• About 700,000 engineers graduate annually from schools in China.
  • China has more English-speaking inhabitants than England.
  • China’s money is called renminbi, the “peoples currency”.
  • China is now the worlds largest apple producer, followed by USA in second place.
  • 30% of Chinese Adults live with their parents.
  • 20% of the worlds population lives in China.
  • The Great Wall of China stretches for about 4,500 miles across Northern China.
  • Ketchup originated in China as a pickled fish sauce called “ketsaip”.
  • Chopsticks originated in China approximately 4,000 years ago.
  • Finger printing was used in China as early as 700AD.
  • Approximately 200 million people in China live on less than $1 a day.
  • There are 120 million internet users in China; but not everyone can contact all websites.

Hope you enjoyed China Trivia 1 and look forward to further pages.  For more information about the trivia or Manufacturing in China, contact us by mail at information@chinacnc.co.uk or telephone us on +44 1772 460104.

Component Manufacturing in China, is it right for your Company?

Over the last few years, Component Manufacturing in China has become uncertain, with many companies considering or deciding to return their outsourced manufacturing back to the UK.  Over this period, it has become more apparent that the potential benefits of low cost labour, in some circumstances, are not as great an advantage, and along with complaints of poor quality, companies have had to seriously consider whether outsourcing was the correct solution.

Made in China

Made in China

5 – 10 years ago, Made in China, was the sign of poor quality goods, but this has now been improved.  Chinese Suppliers are now more aware of the requirements and expectations of their customers in both quality and cost.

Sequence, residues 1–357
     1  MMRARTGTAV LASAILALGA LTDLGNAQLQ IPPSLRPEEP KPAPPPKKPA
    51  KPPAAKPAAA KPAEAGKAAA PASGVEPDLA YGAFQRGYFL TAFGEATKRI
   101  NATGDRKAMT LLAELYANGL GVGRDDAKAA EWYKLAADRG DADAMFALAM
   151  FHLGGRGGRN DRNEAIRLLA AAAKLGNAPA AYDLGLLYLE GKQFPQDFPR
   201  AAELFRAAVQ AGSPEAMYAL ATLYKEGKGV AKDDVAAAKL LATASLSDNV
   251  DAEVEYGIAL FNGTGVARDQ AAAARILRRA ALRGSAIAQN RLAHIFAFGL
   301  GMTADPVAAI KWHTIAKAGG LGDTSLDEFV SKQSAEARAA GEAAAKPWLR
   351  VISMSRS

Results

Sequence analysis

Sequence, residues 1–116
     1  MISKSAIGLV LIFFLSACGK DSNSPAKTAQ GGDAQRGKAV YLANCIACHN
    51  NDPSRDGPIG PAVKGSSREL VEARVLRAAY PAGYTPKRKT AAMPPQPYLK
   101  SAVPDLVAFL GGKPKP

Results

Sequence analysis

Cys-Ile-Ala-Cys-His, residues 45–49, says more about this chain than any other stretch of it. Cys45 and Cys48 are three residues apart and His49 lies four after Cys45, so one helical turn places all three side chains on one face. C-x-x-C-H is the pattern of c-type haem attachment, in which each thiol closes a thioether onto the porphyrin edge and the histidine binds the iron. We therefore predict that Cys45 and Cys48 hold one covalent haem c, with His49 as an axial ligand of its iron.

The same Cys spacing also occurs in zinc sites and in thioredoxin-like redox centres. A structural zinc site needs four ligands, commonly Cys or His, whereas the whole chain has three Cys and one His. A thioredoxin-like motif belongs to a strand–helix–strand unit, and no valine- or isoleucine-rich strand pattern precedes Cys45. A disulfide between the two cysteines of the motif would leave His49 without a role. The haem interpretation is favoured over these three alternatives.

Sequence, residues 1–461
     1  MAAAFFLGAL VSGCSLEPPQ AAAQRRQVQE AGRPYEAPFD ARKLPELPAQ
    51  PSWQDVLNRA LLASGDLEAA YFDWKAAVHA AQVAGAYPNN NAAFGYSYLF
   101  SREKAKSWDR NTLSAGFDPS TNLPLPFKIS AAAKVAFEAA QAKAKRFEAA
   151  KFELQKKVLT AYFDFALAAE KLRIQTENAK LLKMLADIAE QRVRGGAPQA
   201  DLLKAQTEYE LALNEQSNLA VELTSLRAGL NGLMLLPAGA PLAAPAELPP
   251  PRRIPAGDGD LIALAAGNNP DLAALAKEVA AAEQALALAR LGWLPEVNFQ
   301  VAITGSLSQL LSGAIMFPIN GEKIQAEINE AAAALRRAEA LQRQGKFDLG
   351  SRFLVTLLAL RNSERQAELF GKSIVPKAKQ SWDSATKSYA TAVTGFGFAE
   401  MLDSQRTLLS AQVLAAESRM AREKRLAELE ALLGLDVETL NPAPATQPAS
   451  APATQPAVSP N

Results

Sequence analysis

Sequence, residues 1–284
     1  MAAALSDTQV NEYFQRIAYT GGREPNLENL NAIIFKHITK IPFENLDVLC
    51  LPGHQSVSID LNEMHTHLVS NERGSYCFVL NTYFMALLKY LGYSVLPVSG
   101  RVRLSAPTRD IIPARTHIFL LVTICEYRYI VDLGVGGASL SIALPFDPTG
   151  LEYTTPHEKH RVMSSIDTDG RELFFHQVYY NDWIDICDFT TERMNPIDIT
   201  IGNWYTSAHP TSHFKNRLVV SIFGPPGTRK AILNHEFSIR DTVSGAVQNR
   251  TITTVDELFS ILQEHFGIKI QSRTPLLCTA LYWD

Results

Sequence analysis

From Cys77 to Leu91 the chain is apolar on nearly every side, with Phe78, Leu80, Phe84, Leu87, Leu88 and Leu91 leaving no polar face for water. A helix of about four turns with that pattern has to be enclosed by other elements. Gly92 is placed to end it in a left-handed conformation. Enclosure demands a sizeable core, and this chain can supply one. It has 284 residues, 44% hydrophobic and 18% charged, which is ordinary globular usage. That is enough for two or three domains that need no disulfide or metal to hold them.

Companies considering outsourcing their production from the UK need to consider the following:

  • What type of product do they require outsourcing?
  • Are there any regulatory requirements on the product?  Remember, if the products are toys or electrical goods, then there will be  substantial and costly testing carried to verify that the product is acceptable, and this would have to be certified.
  • Has the customer enough resources to ensure a smooth transition to an outsourced product.  This will be a time consuming and costly part of any outsourcing project.

Despite the problems highlighted, and the slowdown of companies outsourcing manufacturing to Chinese Suppliers, if done properly, China still remains a good location for Contract Manufacturing.  As Technology moves on, both the Aerospace and Automotive Industries have chosen China as a major manufacturing base recently.

So is Component Manufacturing in China still a realistic prospect in 2018.

If your Company is Considering whether or not to outsource in 2018 some of your manufacturing output, then consider some of the following points:

Plan a Strategy.

There is no less reason to consider Component Manufacturing in China now, than there was 2 – 3 years ago.

Are you going to mange the outsourcing yourself and probably meet some of the pitfalls on Manufacturing in China, or use a Specialised Outsourcing Company?

This is where Source in Asia Limited can help.  China CNC Precision Machining is part of our group and we can manage your potential new project for you.

Interested, then check our websites www.sourceinasia.global or www.chinacnc.co.uk , alternatively, to see how we maybe able to help you, contact us by mail on enquiries@chinacnc.co.uk or telephone our Preston office +44 1772 460104.